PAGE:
06:15 AW – And how do these polystyrene balls play a role in the process, Ian?
06:19 IP – It sort of works as a catalyst. I guess you could think about it in that way, so it’s not necessarily being lost during the process, but it’s acting as a catalyst so you can form magnesite using higher temperature reactions, so people are again investigating that. But higher temperatures often means more energy input, which also means more expense, and so there’s value in kind of looking at alternative ways in which you could form this mineral. And that’s why we want to try and use these reactive surfaces as a catalyst to form magnesite at more earth surface conditions.
06:54 AW – When we’re talking about this carbon dioxide storing mineral and its unique characteristics, maybe you can compare how efficient, it is in storing CO2 to methods that are being developed for CCS. That’s carbon capture and sequestration.
07:10 IP – Right, so in some of the carbon capture and storage technologies where maybe perhaps people are investigating the idea of injecting supercritical CO2, which is more of a fluid into the subsurface. The drawback of that sort of technology is that there’s the potential for leakage. The great thing about forming carbonate minerals is that it is a solid mineral, right? So you can hold that in your hand. There’s no real concern about leakage, so it doesn’t necessarily store more carbon dioxide. Obviously, that would depend on the scale that you sort of implement. These sorts of technologies, but it’s very secure, which is good for long term storage if you’re trying to store carbon dioxide for thousands of years, and it’s also quite environmentally safe.
07:58 AW – And how would magnesite’s CO2 storage capability compared to the photosynthetic properties of trees that convert CO2 to oxygen in terms of removing carbon dioxide from the atmosphere.
08:14 IP – It may or may not be more efficient than, let’s say a tree storing CO2 by. I guess the difficulty with organic matter is of course the tree will shed its leaves and potentially die and then release that CO2 through degradation or as a mineral.
08:32 IP – Once the CO2 is locked in there, it’s more stable for longer periods of time. It’s not going to turn over like the organic bio mass of a tree would.
08:41 AW – This is Alex Wise on Sea Change Radio and I’m speaking to Ian Power. He’s a professor of geological sciences at Trent University in Ontario, Canada. So Ian, I know this isn’t part of your usual academic presentation, but if you can try and look a little into the future and dream a bit about the long-term potential of magnesite. What do you foresee it becoming someday possible?
09:08 IP – Well firstly, I’ll say that you know our study was a very small scale laboratory experiment, so obviously there’s a lot of challenges in trying to upscale these results to the sort of industrial scale. So lots of challenges there, but depending on a lot of different factors. But if the price of carbon were high enough and we had technologies that were efficient enough. Then we could have a world where we do actively manage and sequester carbon dioxide. In my opinion, you know there’s a million and one ways in which we generate greenhouse gas emissions, and so we really need a million and one ways to manage greenhouse gas emissions so in a future world, we could have reactors that are connected to power plants and sequestering that point source of CO2. Other people are investigating how we might. Capture CO2 from the atmosphere atmosphere so there’s a wide range of potential technologies that might work in different scenarios.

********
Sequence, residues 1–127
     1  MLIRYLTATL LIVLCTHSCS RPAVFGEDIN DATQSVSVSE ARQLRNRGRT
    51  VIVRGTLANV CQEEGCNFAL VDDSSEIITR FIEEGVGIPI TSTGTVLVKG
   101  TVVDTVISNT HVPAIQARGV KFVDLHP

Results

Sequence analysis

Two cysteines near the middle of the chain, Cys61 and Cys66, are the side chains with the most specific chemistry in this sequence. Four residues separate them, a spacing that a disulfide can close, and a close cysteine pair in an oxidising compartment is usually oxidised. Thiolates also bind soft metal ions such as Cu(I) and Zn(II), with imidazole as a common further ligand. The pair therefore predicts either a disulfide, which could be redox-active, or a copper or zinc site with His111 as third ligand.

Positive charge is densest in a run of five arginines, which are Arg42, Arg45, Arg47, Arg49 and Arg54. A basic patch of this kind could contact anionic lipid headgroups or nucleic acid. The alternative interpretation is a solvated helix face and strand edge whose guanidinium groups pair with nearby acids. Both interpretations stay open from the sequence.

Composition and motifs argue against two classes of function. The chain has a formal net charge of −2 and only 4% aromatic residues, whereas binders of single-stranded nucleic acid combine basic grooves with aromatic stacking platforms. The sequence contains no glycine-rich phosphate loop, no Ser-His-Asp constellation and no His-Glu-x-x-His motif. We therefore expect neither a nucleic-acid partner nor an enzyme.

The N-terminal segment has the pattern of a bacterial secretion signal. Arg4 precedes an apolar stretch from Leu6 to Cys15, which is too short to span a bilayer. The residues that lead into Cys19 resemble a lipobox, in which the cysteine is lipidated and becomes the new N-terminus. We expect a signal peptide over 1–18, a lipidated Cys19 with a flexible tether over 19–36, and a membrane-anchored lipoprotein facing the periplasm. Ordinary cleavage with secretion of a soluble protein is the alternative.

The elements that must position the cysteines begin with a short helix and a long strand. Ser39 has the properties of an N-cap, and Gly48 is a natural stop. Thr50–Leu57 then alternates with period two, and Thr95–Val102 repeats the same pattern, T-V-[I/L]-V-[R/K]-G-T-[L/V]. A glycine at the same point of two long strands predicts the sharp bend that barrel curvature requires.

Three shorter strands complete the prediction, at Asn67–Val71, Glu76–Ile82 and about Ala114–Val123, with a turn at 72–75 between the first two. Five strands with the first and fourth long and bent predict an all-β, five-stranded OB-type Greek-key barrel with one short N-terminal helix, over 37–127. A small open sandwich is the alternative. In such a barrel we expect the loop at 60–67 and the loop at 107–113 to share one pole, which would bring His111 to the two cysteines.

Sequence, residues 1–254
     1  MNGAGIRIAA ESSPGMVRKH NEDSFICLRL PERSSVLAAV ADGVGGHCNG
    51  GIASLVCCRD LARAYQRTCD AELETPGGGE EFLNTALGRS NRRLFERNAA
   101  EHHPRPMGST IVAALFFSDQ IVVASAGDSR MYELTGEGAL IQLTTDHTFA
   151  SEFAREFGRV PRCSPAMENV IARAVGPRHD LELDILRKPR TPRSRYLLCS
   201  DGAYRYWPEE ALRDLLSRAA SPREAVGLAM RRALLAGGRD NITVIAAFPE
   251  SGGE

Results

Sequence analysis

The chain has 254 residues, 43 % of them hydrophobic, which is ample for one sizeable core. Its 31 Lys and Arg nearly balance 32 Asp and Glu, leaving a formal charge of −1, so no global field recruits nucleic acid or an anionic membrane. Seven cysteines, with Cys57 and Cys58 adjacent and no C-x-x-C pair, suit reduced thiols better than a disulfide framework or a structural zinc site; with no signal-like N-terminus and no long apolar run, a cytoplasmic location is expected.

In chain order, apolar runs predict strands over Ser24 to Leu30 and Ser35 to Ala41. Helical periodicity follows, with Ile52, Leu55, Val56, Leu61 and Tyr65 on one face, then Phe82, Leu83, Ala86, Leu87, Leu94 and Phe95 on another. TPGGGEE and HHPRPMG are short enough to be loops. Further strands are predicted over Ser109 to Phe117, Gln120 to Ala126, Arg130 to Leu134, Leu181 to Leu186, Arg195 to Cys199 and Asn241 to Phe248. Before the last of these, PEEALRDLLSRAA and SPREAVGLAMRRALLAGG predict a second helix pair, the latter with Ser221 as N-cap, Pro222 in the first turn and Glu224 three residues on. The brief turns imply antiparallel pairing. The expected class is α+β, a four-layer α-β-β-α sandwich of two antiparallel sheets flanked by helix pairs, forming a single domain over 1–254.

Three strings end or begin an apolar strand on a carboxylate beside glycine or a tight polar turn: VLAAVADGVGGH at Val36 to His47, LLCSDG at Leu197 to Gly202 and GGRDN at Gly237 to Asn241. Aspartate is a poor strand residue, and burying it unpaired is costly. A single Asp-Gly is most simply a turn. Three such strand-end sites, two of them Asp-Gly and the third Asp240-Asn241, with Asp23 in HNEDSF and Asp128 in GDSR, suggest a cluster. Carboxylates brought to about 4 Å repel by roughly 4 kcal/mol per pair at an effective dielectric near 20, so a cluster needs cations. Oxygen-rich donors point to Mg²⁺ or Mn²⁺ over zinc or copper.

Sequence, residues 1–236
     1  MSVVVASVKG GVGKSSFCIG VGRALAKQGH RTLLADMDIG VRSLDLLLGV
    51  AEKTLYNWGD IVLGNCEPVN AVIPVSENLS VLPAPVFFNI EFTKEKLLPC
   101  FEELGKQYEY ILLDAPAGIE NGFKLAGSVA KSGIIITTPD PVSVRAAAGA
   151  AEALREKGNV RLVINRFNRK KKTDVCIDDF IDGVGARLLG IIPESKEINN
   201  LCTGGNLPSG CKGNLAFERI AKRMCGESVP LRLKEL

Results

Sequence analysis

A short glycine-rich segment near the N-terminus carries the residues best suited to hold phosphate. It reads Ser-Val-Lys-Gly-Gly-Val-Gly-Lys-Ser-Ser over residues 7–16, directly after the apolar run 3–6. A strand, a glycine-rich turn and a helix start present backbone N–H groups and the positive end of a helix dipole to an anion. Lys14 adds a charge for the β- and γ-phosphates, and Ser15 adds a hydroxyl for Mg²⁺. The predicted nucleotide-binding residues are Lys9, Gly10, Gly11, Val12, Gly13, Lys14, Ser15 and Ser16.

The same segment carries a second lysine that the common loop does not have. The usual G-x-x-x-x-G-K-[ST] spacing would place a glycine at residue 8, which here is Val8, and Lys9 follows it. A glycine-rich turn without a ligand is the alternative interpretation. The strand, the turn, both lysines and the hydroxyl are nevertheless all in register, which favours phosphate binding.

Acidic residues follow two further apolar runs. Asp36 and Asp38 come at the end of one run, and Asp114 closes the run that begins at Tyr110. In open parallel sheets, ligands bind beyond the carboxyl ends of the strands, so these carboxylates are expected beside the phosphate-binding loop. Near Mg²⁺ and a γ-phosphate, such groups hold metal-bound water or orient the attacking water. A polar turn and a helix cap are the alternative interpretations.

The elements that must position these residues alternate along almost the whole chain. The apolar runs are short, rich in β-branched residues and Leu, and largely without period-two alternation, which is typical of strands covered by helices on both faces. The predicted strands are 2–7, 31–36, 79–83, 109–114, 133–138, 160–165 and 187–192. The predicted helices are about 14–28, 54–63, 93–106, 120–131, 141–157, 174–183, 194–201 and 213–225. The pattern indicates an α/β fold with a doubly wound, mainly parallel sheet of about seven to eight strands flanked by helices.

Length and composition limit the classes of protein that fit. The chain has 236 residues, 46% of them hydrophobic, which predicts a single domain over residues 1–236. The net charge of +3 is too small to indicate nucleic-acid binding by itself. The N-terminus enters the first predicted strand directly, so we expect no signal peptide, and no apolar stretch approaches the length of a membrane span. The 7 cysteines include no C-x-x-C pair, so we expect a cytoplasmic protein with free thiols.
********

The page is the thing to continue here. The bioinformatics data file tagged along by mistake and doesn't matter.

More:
10:12 AW – And how would this sequestration work exactly? Would the magnesite be formed in a lab and then put underground to a cave of some sort?
10:23 IP – Well, in my research, it was more focused on sort of formation of magnesite at ambient conditions, so again these could be lower temperature reactor systems where you’re forming the mineral. But as I mentioned, people are looking at other different avenues for forming magnesite at depth. So there’s a lot of different approaches you could take.
10:44 AW – And what was like the light bulb moment when you realized that this mineral was taking shape much faster than you may have speculated?
10:53 IP – Well, I was the one that was doing the sort of microscopy. After we had sort of conducted the experiments and so we use a scanning electron microscope which allows us to image objects that are on the micron or even sub micron scale. So very very tiny. And then I was able to identify these magnesite crystals and I know from my work in the natural environment that many sites a fantastic mineral for storing CO2 and so that was kind of the light bulb moment when we identified.
11:29 AW – And I want to understand how integral to the accelerated growth of the mineral are these polystyrene balls? Do you think magnesite can grow more rapidly in in other scenarios? That is, are you trying to improve the process using different substrates?
11:47 IP – We haven’t gone there yet, but I think there are. Or there is potential for using different substrates that again have the same sort of mechanism but could be implemented a bit differently and those processes could be more efficient for example, and maybe easier to upscale. So these polystyrene spheres they they do mimic some of the surface properties of certain bacteria. And again, this has been an area of research for myself and others looking at how bacteria can help form different carbonate minerals. So in some ways these polystyrene spheres were acting again to mimic the cell surface characteristic. So again, that could be a different Ave where you could potentially have a bacterium that is capable of forming magnesite under certain conditions. That’s not something we’ve explored, but it is a possibility.
12:39 AW – So give us an idea of how much magnesite would be needed to make a significant impact to offset the emissions of, let’s say, a 250 megawatt coal-fired power. And is this something that can potentially be used above ground?